WICHITA, Kan. (AP) — Thousands of anti-abortion activists gathered in Wichita in 1991 for the Summer of Mercy, sparking tumultuous mass protests that led to nearly 2,700 arrests outside local clinics and crowning the anti-abortion group Operation Rescue as the symbol of the movement.
As protesters prepare to return this summer for the 25th anniversary, the broader movement has splintered into disaffected factions and its strategies have evolved along with the shifting political and legal landscape of the abortion debate.
Perhaps most telling is the decision by Operation Rescue and its leader, Troy Newman, to distance itself from the July 16-23 event. Ever since abortion provider Dr. George Tiller was fatally shot in 2009 in his Wichita church, the group has tried to disassociate from more radical activists.
"I am concerned about the sort of zealots that follow them around and the sort of rhetoric," said Newman, who's also a founding member of the Center for Medical Progress, the group whose secretly filmed videos alleged Planned Parenthood sold fetal tissue and set off legislative attempts to cut funding for the largest abortion provider in the U.S.
"We have been able to accomplish a lot more through the political process than we ever were able to get sitting at the doors of an abortion clinic," he said. "I would never speak ill against that tactic, it was certainly something that launched Operation Rescue, and people were passionate about that, but tactics and times change."
While abortion clinic violence remains an ever-present concern, as evidenced by last year's fatal shootings at a Planned Parenthood clinic in Colorado Springs, new strategies in the anti-abortion movement have emerged, most notably the growing numbers of restrictions placed by state legislatures on abortion clinics that culminated this week with an Oklahoma bill that would have effectively banned abortions; it was vetoed. A thwarted move in Congress to strip federal family planning funds from Planned Parenthood has spawned similar efforts in conservative states.
The 2016 return of the Summer of Mercy is being organized by Operation Save America, a Dallas-based Christian fundamentalist group now led by Rusty Thomas, who says he considers the original event a "heaven-sent revival."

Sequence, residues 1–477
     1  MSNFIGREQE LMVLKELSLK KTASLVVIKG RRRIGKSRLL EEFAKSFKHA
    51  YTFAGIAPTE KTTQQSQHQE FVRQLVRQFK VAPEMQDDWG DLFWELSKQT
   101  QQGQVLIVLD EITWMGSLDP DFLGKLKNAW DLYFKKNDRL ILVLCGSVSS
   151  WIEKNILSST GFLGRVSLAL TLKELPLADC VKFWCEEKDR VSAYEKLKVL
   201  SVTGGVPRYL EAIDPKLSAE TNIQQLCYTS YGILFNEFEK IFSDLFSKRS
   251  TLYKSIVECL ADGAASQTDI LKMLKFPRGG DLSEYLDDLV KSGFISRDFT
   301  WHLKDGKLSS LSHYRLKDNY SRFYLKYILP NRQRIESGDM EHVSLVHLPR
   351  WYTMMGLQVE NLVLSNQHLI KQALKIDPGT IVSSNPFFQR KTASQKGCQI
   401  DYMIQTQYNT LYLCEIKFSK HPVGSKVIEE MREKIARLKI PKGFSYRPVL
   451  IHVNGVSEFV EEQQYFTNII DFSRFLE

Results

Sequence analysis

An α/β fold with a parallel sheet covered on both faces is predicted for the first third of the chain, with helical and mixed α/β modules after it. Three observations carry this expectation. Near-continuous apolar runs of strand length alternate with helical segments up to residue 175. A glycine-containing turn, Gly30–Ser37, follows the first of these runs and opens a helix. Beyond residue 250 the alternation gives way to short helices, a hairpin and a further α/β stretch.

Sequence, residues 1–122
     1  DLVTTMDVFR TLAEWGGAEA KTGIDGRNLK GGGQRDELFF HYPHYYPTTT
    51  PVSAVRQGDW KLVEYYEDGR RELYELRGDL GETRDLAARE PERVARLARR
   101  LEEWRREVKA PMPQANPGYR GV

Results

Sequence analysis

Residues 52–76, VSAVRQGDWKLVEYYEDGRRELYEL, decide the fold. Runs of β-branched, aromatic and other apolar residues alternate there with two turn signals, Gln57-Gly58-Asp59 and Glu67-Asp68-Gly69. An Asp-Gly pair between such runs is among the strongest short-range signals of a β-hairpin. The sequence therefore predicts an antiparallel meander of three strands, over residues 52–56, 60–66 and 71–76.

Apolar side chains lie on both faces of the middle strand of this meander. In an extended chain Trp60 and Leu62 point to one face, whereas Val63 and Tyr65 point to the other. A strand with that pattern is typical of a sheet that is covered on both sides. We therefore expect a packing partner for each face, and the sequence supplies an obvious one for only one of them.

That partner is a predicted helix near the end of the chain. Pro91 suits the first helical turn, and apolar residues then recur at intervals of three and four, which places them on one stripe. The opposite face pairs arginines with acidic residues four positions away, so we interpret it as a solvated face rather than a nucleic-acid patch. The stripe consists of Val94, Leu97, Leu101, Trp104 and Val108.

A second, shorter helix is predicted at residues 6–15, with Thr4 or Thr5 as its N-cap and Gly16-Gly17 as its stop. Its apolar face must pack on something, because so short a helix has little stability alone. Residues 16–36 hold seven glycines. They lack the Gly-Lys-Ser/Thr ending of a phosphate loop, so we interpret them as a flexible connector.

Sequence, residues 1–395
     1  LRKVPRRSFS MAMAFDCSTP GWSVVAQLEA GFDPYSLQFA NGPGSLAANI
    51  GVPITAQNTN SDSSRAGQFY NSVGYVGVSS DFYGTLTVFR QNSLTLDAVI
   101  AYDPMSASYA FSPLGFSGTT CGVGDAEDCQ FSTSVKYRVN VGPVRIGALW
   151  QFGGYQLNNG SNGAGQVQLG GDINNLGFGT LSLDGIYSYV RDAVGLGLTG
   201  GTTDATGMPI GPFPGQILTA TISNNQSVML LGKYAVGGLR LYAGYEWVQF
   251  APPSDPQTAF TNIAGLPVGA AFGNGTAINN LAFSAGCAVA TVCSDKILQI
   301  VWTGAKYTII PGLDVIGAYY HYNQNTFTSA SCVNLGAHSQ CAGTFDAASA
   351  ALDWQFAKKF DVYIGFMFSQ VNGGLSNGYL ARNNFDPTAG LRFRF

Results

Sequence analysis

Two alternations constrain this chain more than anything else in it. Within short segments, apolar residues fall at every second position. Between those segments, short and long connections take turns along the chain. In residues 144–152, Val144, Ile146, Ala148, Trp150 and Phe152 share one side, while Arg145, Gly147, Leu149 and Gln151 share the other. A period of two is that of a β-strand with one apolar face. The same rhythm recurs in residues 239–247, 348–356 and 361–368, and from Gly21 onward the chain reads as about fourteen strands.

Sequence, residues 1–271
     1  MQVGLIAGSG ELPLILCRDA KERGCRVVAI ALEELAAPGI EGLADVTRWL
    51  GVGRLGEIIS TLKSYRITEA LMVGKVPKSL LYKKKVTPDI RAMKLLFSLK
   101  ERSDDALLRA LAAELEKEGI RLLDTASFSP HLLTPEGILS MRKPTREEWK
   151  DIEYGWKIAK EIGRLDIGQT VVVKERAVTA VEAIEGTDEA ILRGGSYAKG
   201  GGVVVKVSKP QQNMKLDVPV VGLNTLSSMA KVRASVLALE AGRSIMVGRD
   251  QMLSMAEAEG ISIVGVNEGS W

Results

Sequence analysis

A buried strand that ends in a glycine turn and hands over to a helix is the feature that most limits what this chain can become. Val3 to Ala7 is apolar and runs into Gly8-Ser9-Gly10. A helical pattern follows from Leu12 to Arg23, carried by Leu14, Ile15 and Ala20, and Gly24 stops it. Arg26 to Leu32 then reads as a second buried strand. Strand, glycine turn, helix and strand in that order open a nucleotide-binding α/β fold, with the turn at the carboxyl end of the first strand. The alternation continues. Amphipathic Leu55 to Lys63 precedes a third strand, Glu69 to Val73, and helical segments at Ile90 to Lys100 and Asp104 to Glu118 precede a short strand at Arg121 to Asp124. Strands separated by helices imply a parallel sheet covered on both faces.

"What we started in 1991 we hope to complete in 2016," Thomas said.
Among the featured speakers this year is Matt Trewhella, the founder of the Wisconsin-based Missionaries to the Preborn, which espouses a doctrine for local officials and states to ignore court rulings they consider immoral.
Operation Save America, the successor to Operation Rescue National, has been among the most strident opponents of abortion as well as gay rights and Islam. Thomas said his organization does not advocate killing abortion providers nor support other clinic violence.
Tiller and the Wichita clinic where he had performed late-term abortions had been a target for decades; it was bombed in 1985, and Tiller was shot in both arms in 1993. No abortion services were available in the city after he died until April 2013 when abortion rights group Trust Women opened one in his former facility.
Director Julie Burkhart said the clinic plans to stay open during this year's protests. They have beefed up private security and are working with law enforcement officials. She also plans to display a sign Tiller had in the clinic: "Women need abortions and I am going to do them." It was signed by Tiller.
Burkhart said she'd just gotten involved in abortion care during the 1991 Summer of Mercy, calling it one of those moments that set her on her life's path.
"It was scary, but the most important thing that it did for me it solidified my belief in the fact all people have to be able to determine what is best for themselves and for their families," Burkhart said.
Amid escalating violence at abortion clinics in the 1980s and 1990s, Congress passed the Freedom of Access to Clinic Entrances Act in 1994, aimed at protecting access to abortion services by imposing criminal penalties and civil sanctions. In its wake, the massive blockades like those during 1991 became a thing of past. The 10-year anniversary event organized by Operation Rescue brought a few hundred activists for mostly peaceful protests, only five were arrested.
Newman said no one has contacted him about this year's event. "They know how I feel," he said. The state's largest anti-abortion organization, Kansans for Life, hasn't been approached, either.
"We are not obligated to work with people just because they are pro-life," said Cheryl Sullenger, Operation Rescue's senior vice president. She served about two years in prison for passing along bomb-making materials in a thwarted 1987 conspiracy to bomb a San Diego clinic, but long ago renounced violence and instead embraced a strategy to close clinics by filing complaints with state medical regulators.
But Burkhart, in making her case, recounts something Tiller once wrote about how his clinic would not exist if people didn't want or need its services.
"The community dictates whether we are here or not," she said.
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